Another way of viewing rituals is by seeing them as computer algorithms. An algorithm is a set of instructions that is repeated to get a result.
Some algorithms are highly efficient, sorting or searching millions of pieces of data in a few seconds. Other algorithms are bulky and awkward, taking hours to do the same task.
By forming rituals, you are building algorithms for your behavior. Take the delayed and painful pattern of waking up, debating whether to sleep in for another two minutes, hitting the snooze button, repeat until almost late for work. This could be reprogrammed to get out of bed immediately, without debating your decision.
How to Form a Ritual
I’ve set up personal rituals for myself for handling e-mail, waking up each morning, writing articles, and reading books. Far from making me inflexible, these rituals give me a useful default pattern that works best 99% of the time. Whenever my current ritual won’t work, I’m always free to stop using it.
Forming a ritual isn’t too difficult, and the same principles for changing habits apply:
- Write out your sequence of behavior. I suggest starting with a simple ritual of only 3-4 steps maximum. Wait until you’ve established a ritual before you try to add new steps.
- Commit to following your ritual for thirty days. This step will take the idea and condition it into your nervous system as a habit.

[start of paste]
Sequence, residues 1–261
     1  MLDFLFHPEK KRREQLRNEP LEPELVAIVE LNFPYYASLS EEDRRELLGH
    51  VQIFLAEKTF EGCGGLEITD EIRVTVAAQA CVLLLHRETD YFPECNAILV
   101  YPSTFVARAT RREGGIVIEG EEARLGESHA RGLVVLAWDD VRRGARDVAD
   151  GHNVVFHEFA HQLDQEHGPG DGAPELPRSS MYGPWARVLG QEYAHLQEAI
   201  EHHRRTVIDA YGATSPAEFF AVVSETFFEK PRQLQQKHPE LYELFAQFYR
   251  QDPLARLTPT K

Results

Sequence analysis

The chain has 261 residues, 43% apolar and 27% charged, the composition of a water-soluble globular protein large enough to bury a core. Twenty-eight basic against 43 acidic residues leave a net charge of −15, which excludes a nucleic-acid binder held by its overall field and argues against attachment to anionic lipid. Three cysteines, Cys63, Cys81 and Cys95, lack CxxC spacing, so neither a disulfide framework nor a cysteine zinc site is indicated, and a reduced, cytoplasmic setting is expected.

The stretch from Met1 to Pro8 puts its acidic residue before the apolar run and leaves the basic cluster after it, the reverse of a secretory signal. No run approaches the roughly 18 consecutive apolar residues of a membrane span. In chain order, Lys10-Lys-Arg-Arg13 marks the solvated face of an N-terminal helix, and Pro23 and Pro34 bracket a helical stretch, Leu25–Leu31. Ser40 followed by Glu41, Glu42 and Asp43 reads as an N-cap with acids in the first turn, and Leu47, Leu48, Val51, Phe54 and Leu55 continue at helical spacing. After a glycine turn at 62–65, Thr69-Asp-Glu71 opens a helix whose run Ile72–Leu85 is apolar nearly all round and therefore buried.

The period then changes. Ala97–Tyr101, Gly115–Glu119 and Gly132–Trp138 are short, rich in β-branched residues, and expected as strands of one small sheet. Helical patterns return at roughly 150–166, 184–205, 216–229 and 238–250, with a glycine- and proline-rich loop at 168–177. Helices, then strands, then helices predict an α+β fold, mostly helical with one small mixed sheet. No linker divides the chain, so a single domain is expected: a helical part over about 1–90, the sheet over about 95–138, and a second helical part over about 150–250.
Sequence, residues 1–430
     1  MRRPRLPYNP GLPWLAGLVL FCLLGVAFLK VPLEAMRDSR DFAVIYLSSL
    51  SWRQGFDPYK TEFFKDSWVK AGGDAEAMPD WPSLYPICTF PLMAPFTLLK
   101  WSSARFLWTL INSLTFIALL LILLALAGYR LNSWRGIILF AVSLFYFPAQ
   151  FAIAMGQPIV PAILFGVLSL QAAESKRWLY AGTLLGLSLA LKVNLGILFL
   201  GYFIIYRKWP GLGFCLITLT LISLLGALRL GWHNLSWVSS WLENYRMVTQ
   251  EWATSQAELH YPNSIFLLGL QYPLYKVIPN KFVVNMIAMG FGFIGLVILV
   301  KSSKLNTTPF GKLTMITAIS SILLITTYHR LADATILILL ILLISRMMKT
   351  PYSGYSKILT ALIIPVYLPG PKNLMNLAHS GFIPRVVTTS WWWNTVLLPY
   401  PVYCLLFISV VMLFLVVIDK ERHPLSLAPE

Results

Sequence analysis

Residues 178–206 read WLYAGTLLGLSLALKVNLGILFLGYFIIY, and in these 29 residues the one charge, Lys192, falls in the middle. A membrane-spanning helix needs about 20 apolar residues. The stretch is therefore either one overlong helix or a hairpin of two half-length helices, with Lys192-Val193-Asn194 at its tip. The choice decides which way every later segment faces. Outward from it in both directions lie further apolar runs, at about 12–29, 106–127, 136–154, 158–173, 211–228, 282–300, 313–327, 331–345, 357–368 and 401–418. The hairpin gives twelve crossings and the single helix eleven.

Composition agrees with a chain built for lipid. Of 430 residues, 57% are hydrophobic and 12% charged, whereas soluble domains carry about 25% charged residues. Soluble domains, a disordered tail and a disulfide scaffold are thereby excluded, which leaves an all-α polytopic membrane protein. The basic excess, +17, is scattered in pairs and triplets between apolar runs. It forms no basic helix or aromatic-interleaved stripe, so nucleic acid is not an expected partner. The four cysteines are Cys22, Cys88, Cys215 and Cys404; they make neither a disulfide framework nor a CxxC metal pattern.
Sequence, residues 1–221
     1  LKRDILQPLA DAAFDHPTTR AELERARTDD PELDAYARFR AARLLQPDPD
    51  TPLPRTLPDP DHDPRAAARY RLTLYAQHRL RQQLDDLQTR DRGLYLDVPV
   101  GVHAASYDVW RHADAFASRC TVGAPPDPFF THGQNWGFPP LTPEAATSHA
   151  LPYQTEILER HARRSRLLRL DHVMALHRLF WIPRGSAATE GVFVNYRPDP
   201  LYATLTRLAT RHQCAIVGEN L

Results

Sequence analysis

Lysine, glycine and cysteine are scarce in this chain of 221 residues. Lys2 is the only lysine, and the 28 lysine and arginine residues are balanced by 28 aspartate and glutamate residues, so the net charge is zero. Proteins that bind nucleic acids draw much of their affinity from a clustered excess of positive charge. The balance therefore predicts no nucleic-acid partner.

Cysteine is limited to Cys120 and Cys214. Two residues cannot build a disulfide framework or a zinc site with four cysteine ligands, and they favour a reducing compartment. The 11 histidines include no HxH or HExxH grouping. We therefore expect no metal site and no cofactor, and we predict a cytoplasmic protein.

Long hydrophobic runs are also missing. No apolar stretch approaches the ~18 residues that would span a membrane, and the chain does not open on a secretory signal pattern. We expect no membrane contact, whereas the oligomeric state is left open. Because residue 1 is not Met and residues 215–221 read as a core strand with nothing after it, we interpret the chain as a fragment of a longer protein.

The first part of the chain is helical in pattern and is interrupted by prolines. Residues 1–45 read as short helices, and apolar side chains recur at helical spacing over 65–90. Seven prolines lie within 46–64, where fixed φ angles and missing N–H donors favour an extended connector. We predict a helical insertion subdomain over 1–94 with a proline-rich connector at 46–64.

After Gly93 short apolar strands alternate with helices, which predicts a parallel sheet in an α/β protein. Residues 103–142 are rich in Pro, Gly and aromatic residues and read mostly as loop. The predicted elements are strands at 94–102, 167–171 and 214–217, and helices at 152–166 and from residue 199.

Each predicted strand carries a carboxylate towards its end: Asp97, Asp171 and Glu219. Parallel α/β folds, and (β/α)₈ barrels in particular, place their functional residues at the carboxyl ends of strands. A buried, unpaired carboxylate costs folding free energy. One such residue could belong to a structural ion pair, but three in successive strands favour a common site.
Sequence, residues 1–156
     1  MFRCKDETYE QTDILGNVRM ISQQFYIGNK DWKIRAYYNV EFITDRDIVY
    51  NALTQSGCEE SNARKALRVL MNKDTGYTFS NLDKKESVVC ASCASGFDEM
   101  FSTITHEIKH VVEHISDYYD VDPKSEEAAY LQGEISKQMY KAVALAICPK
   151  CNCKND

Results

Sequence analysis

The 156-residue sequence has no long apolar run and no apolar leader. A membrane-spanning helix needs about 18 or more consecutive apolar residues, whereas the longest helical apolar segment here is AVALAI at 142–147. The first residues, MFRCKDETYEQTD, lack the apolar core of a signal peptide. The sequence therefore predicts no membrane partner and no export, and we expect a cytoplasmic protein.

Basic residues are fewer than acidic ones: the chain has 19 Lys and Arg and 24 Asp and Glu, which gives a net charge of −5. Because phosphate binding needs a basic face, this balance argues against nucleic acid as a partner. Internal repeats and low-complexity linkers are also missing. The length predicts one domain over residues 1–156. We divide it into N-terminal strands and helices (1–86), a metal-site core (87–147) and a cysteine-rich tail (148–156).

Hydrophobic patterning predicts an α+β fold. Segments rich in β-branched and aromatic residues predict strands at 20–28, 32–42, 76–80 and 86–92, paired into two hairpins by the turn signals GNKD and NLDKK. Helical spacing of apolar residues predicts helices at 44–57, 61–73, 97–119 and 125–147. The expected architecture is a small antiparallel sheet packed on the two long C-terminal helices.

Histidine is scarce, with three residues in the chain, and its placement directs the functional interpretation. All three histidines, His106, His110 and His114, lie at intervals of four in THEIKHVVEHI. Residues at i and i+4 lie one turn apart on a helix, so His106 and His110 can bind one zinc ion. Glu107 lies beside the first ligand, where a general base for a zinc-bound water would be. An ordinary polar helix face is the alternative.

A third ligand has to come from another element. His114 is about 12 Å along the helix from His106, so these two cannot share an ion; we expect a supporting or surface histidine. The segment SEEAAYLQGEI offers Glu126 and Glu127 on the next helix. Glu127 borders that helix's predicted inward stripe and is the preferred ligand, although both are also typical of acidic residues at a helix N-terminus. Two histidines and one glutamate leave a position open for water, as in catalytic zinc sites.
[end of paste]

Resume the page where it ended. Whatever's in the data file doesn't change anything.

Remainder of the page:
- Define a clear trigger. When does your ritual start? A ritual to wake up is easy—the sound of your alarm clock will work. As for what triggers you to go to the gym, read a book or answer e-mail—you’ll have to decide.
- Tweak the Pattern. Your algorithm probably won’t be perfectly efficient the first time. Making a few tweaks after the first 30-day trial can make your ritual more useful.
Ways to Use a Ritual
Based on the above ideas, here are some ways you could implement your own rituals:
1. Waking Up
Set up a morning ritual for when you wake up and the next few things you do immediately afterward. To combat the grogginess after immediately waking up, my solution is to do a few pushups right after getting out of bed. After that, I sneak in ninety minutes of reading before getting ready for morning classes.
2. Web Usage